In his famous essay “The Work of Art in the Age of Mechanical Reproduction,” Walter Benjamin argues for how modern modes of technical reproduction—especially film—have affected the authority or “aura” of art objects. Substituting the “unique existence” of the art object with “a plurality of copies,” he contends, diminishes the mystique of art and, in making art available to the public, results in new modes of perception, new publics, and new types of politics. This research community continues Benjamin’s investigation into the relationship dynamics between art and mechanical reproduction in three general ways: by examining the cultural persistence or performance of “aura” or originality; by studying modes of artistic creation like appropriation that mediate between originality and reproducibility; and by studying automatic art, a logical extension and even endpoint of mechanical reproducibility.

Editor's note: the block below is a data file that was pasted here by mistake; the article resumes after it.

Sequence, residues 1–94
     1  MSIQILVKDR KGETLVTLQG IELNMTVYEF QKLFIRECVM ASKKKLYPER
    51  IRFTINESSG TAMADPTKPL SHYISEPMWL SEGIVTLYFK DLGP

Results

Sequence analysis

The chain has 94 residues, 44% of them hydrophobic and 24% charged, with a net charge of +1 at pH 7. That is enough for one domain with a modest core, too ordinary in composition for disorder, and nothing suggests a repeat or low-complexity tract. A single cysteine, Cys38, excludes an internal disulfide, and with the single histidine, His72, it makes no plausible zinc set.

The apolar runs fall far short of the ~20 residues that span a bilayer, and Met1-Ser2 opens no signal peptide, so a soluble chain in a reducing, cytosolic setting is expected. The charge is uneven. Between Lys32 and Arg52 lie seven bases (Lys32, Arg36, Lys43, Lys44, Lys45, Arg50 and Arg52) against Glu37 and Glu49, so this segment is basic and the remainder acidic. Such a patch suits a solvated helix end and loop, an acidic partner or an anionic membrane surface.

Aura, Appropriation, Automation
Liberal Arts Research Collaborative
900 State StreetSalem Oregon 97301 U.S.A.